By guest authors Irina Patterson and Vandana Upadhyay
Linda: In our executive MBA program, students who want to build businesses can go through classes and get mentors and industry experts, and then they pick their ideas.
They have their own competition that runs off on the side. Usually, the executive MBA students are a little older than our full-time students. They have been out in the corporate world and now they decide, well, maybe I want to actually start a business.
So, it is a great way to meet people to build businesses. Our website, chicagobooth.edu, provides more details on the executive MBA program.
Irina: How do you process those applications in Singapore or other locations?
Linda: There are teams in London and Singapore that run it over there. So, people will apply to the class over there and then go through business strategy classes and they work with professors and mentors outside class and then there is a final competition.
In London there is a final competition; in Singapore there is a final competition; and the top ones of those come to Chicago at graduation and they all compete together there.
Irina: On average, how long do the entrepreneurs stay in your incubator?
Linda: The only ones who really use the incubator are our full-time students. Once they finish school many of them will move into other incubators or open their business because our campuses are about 10 miles south of downtown Chicago.
A lot of them want to move in the downtown area for the business. That is why we got this other incubator space that they can actually move into once they graduate. We allow a few to stay on a bit longer, but most of them want to move out.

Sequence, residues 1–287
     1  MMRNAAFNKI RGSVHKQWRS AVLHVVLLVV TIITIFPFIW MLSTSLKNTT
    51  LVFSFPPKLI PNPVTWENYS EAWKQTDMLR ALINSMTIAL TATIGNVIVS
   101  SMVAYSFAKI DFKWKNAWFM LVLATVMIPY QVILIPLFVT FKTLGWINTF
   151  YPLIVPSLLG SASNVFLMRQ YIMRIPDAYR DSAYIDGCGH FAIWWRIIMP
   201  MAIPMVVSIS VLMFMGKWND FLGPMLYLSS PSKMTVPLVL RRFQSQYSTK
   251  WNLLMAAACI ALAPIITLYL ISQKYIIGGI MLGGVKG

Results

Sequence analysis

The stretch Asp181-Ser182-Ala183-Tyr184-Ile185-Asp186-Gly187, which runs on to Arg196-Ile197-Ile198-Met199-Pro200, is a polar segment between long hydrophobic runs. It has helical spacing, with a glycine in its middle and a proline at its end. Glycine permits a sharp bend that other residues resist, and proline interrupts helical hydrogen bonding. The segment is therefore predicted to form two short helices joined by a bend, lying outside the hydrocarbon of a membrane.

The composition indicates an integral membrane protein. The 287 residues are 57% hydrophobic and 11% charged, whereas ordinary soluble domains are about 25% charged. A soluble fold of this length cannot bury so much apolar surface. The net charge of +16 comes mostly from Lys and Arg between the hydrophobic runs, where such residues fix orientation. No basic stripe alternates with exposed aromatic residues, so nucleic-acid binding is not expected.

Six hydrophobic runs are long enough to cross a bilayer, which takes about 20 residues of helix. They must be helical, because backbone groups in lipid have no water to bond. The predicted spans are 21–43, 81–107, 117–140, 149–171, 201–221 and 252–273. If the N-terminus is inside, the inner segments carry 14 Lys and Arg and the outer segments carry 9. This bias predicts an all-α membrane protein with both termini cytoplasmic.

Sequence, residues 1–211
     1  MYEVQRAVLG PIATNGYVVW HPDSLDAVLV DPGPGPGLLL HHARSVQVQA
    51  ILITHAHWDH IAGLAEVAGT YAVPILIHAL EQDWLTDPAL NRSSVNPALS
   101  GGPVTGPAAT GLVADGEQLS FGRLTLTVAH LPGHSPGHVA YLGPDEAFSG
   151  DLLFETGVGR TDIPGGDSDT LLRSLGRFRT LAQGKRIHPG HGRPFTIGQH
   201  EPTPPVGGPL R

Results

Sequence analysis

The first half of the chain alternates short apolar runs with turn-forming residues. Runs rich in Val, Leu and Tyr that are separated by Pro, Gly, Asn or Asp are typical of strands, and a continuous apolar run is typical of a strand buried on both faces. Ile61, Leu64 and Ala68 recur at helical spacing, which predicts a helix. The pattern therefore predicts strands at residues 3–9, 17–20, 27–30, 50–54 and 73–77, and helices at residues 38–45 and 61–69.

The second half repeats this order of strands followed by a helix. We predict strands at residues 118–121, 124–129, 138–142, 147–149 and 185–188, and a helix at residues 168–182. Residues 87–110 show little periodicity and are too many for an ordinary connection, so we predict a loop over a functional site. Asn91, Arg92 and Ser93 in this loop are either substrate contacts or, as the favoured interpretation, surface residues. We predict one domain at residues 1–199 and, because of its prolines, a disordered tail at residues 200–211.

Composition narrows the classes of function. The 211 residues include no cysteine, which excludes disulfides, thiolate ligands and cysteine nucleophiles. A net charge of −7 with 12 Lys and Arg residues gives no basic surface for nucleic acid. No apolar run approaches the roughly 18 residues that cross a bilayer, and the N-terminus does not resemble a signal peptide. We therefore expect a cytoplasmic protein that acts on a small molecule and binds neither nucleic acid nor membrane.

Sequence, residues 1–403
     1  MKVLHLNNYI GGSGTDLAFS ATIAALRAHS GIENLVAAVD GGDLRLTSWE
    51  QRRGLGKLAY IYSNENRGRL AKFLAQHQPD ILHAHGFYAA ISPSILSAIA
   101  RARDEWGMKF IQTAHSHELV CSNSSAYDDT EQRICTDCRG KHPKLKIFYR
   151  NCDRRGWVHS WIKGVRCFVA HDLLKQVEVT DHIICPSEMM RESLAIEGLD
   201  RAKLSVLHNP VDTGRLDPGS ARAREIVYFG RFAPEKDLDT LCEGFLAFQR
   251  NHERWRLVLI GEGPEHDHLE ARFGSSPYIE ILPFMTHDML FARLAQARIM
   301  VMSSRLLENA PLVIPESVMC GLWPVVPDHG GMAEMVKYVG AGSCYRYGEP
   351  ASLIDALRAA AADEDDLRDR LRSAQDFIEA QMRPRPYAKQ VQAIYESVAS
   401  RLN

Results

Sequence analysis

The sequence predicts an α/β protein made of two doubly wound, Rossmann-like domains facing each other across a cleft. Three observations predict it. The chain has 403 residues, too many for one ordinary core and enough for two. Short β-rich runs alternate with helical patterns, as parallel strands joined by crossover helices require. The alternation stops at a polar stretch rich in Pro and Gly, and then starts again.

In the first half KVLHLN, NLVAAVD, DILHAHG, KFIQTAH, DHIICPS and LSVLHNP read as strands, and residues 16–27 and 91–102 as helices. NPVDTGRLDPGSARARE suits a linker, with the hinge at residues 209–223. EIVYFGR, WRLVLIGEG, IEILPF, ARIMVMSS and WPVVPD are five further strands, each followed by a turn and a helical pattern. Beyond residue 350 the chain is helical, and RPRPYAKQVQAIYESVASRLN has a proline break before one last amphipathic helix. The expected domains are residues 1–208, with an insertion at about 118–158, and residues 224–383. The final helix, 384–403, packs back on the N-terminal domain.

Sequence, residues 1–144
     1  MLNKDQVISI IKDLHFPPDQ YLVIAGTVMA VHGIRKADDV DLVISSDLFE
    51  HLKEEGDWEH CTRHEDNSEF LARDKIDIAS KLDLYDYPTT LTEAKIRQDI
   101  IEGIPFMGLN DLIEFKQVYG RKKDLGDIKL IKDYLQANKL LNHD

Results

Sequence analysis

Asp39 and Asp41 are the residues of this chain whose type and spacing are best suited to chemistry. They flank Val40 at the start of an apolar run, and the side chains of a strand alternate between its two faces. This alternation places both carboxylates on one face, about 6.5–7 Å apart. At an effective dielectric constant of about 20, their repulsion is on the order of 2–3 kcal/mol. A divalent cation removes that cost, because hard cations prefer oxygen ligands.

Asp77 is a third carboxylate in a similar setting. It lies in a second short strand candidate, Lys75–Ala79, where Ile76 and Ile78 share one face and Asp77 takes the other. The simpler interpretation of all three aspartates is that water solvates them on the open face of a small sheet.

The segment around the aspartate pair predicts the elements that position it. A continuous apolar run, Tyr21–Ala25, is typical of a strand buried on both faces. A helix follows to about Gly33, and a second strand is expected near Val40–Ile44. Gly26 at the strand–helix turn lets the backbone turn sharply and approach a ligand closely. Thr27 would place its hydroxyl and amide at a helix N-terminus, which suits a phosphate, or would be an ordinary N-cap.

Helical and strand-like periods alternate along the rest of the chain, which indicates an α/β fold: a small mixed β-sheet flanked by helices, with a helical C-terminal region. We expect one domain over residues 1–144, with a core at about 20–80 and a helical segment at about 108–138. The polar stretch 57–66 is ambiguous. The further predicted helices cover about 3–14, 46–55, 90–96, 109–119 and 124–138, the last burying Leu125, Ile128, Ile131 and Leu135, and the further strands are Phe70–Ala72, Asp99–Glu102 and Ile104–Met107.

Irina: How do you conduct your review of applications?
Linda: We have about 30 or 40 judges who read the business plans or the feasibility studies. They are VCs and they are from all over the country. They read it virtually and give us their scores. About six of us at the center, including professors, also read the plans and we give our scores.
There are probably 10 people who read each feasibility study to give the score to determine whether the company should move on.
We are starting a new survey of our past winners of The Global New Venture Challenge entrepreneurs who cannot come to the incubator because they live in China to see how they have grown; how many people they have employed; how much money they have raised, and so on. But that survey is not completed yet.
Irina: What about those entrepreneurs who are not accepted for incubation?
Linda: A lot of them keep going with their projects. In a couple of cases, even though the students are at Booth, because their home country is in Latin America, the businesses are based in Latin America. They go back and work there. There are a lot of people that are trying to build businesses all the time and some get into the incubator and some don’t – but we are still available.
Irina: Do you have any other special initiatives besides the international programs?
Linda: We have just started our Social New Venture Challenge, which follows the same process, but it looks for business that may have sacrificed some financial returns for social returns and there are maybe some different funding and management issues. So, we have taken them into different tracks, and this program runs in parallel to the New Venture Challenge the same way.
One thing that is interesting right now is that we have got into this entire aspect of impact investing. It is channeling private capital into businesses that are creating both social and financial returns.
We have been commissioned by Secretary of State Hillary Rodham Clinton’s Global Partnership Initiative to look at high-growth entrepreneurial businesses in Brazil, Colombia, Turkey, South Africa, India, and Indonesia to determine where is the pipeline of high-growth entrepreneurs and what kind of businesses they are creating. Do they serve the base of the pyramid, or are they cleantech or environmentally focused? What are the risks of investing in them? Why are people not investing in them?